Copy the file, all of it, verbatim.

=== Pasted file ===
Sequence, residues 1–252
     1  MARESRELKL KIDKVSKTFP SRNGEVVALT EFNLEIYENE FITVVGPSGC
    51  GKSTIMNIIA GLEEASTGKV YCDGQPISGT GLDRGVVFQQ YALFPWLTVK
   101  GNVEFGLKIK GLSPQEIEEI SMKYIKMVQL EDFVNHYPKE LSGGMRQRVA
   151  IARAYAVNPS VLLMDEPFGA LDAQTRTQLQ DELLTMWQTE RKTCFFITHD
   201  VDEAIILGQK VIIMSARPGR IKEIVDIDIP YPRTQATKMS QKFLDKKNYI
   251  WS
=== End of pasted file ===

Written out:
Sequence, residues 1–252
     1  MARESRELKL KIDKVSKTFP SRNGEVVALT EFNLEIYENE FITVVGPSGC
    51  GKSTIMNIIA GLEEASTGKV YCDGQPISGT GLDRGVVFQQ YALFPWLTVK
   101  GNVEFGLKIK GLSPQEIEEI SMKYIKMVQL EDFVNHYPKE LSGGMRQRVA
   151  IARAYAVNPS VLLMDEPFGA LDAQTRTQLQ DELLTMWQTE RKTCFFITHD
   201  VDEAIILGQK VIIMSARPGR IKEIVDIDIP YPRTQATKMS QKFLDKKNYI
   251  WS